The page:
Friday, July 9, 2010
The alarm was rung by a federal appeals court in Washington, D.C., which found that the government was unprepared for a major spill at sea, relying on an "irrational" environmental analysis of the risks of offshore drilling.
The April 2009 ruling stunned both the administration and the oil industry, and threatened to delay or cancel dozens of offshore projects in Alaska and the Gulf of Mexico.
Despite its pro-environment pledges, the Obama administration urged the court to revisit the decision. Politically, it needed to push ahead with conventional oil production while it expanded support for renewable energy.
Another reason: money. In its arguments to the court, the government said that the loss of royalties on the oil, estimated at almost $10 billion, "may have significant financial consequences for the federal government."
The U.S. Court of Appeals reversed its decision and allowed drilling in the Gulf to proceedincluding on BP PLC's now-infamous Macondo well, 50 miles off the Louisiana coast.
The Obama administration's actions in the court case exemplify the dilemma the White House faced in developing its energy policy. In his presidential campaign, President Obama criticized the Bush administration for being too soft on the oil industry and vowed to support greener energy forms.
But, once in office, President Obama ended up backing offshore drilling, bowing to political and fiscal realties, even as his administration's own scientists and Democratic lawmakers warned about its risks.
One could write a tome on America, race, guns, and justice. But here, a tome is unnecessary. These are simple things, really.
Today, in Los Angeles, a jury convicted BART officer Johannes Merhserle of involuntary manslaughter. Last year, Merhserle shot and killed an unarmed, already subdued black man in the back. While Oscar Grant lay prostrate on his stomach, with another cop's knee on his neck, Merh tserle drew his pistol, and shot Grant in the back at point blank range. Grant died in the hospital hours later.
- Justashotaway's diary :: ::
The death of unarmed civilians at the hands of trigger-happy police officers has become tragically routine.
In the past year alone, the pages of newspapers around the country are plastered with the same sad story.
Aaron M. Campbell, shot and killed by police officers in Portland, Oregon. Unarmed. While surrendering to police, walking backwards, hands in the air, police opened fire on Campbell with bean-bag rounds. After being repeatedly struck in the back, Campell reached down to clutch his lower back. The police officer on the scene immediately opened fire. In 2007, that same officer was reprimanded for tasering a citizen journalist who was standing in his own front yard, recording the officer's activities.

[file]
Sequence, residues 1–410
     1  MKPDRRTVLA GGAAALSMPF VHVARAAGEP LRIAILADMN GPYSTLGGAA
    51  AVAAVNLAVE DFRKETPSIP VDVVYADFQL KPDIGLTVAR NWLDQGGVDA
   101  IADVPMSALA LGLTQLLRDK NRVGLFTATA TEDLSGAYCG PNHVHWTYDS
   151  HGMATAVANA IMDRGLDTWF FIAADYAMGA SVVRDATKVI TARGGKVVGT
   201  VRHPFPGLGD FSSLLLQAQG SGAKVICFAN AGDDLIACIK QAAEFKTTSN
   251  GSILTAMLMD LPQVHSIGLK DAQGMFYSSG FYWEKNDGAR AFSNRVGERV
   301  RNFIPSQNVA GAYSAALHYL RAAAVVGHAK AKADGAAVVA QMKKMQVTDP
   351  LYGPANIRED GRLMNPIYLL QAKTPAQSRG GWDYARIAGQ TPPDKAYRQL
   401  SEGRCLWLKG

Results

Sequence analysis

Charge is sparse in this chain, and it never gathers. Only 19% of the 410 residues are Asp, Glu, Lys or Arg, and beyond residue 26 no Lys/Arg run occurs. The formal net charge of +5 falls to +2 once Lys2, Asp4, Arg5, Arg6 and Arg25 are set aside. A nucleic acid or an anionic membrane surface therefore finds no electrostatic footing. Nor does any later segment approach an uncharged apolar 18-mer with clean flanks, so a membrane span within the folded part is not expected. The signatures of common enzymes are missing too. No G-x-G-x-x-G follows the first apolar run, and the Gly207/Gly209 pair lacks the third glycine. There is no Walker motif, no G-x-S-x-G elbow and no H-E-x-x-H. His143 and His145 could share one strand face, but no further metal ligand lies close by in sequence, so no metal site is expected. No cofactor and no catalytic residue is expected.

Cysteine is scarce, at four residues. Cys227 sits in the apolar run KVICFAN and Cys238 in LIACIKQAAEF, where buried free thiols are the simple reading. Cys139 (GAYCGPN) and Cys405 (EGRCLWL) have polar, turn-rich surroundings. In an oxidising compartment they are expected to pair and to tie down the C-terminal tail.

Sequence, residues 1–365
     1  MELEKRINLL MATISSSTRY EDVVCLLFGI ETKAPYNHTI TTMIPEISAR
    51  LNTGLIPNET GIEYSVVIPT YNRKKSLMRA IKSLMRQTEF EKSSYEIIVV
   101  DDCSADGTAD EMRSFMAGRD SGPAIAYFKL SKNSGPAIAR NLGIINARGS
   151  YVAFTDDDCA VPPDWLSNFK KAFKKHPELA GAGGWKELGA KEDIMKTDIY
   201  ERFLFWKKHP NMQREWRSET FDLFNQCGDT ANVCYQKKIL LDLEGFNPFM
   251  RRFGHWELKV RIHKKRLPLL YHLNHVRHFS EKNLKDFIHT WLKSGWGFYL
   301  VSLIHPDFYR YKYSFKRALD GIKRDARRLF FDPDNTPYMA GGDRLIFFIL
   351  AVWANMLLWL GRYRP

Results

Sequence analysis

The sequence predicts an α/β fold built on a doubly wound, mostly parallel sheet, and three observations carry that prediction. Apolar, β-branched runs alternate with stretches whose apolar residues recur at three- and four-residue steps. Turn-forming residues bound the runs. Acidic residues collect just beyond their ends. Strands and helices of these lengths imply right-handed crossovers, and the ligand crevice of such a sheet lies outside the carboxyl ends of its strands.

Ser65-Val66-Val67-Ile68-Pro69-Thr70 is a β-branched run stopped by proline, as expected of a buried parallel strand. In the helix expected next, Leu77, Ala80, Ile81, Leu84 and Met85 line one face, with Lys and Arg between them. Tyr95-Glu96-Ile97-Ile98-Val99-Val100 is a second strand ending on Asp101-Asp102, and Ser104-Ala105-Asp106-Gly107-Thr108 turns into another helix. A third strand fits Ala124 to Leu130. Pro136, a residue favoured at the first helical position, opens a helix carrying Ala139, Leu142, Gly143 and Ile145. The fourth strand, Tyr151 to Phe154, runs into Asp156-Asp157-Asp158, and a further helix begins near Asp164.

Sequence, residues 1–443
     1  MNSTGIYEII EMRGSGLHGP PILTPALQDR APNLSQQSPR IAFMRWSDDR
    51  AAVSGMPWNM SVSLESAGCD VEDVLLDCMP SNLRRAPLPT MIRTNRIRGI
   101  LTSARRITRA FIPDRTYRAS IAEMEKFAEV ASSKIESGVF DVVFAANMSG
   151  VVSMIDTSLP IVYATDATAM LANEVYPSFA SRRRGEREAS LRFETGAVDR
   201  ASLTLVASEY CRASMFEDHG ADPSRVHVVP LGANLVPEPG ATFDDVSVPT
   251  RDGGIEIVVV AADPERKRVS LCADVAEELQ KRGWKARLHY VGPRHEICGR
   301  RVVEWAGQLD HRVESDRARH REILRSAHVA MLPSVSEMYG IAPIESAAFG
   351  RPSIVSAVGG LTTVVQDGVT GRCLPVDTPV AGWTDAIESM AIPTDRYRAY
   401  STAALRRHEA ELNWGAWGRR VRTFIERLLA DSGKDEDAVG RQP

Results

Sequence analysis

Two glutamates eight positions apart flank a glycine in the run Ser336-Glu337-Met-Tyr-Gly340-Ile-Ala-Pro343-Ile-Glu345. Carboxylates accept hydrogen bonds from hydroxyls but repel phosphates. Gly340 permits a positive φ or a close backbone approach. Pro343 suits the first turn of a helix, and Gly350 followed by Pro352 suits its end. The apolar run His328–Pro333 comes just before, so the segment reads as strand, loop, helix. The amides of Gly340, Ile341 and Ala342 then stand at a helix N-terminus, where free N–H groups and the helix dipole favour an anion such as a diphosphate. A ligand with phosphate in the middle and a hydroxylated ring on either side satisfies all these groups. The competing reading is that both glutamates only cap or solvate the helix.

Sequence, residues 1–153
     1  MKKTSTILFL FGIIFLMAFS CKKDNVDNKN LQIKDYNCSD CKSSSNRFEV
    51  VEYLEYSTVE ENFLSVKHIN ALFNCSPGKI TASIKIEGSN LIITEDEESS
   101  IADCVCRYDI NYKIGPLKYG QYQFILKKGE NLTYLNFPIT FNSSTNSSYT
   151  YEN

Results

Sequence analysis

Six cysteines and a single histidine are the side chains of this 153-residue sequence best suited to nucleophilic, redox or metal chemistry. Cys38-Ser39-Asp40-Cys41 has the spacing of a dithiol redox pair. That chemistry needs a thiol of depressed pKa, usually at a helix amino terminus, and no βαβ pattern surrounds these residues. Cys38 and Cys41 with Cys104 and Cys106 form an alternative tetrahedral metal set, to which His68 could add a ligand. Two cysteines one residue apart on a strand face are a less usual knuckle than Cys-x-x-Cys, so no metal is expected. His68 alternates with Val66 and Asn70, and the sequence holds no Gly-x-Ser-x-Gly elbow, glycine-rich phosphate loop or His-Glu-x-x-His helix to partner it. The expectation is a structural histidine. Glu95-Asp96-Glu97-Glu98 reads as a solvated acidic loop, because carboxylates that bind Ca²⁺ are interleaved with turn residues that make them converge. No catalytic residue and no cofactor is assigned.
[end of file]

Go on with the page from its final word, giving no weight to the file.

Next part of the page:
Steven Eugene Washington was shot and killed by LAPD in March. When police approached Washington for "looking suspicious", he approached them and - they say - appeared to reach for something around his waistband. The cops immediately opened fire, striking him in the head. He died instantly. Steven was autistic and, his family said, afraid of stranges. He was unarmed.
In Virginia, a cop shot and killed David Masters during a routine traffic stop. He was a retired Army Green Beret. And he was unarmed. There's dash camera footage of the incident, but the Fairfax police refuse to release that footage to the media. In fact, they refuse to say anything about the execution of David Masters:
The man who was shot and killed by a Fairfax County police officer Friday did not have a gun, police acknowledged Wednesday, and police again declined to say why the officer fired on the man.
The beat marches on.
According to local news reports, La Rosa Carrington of Colorado Springs says it was her threat to take her story to the media that got North Dakota-based Discovery Benefits to change its mind about the cancellation. She says when the company notified her they were discontinuing her coverage, the letter didn't mention how much she was short.
The Colorado Springs Gazette reports:
"My medical bills are coming in like locusts, and you're holding up my benefits because of one red cent?" an incredulous Carrington said from her hospital bed last week as she recalled her conversation with a customer service rep at Discovery Benefits....
Carrington said she talked twice to a customer service representative, who told her it was policy that the penny be received before the benefits could be reinstated. Write a check or send a money order, Carrington said the representative told her.
"'I'm in the hospital receiving chemotherapy; I can't get you a money order,'" Carrington said she told the rep. "If this is how you treat people, you need spiritual training."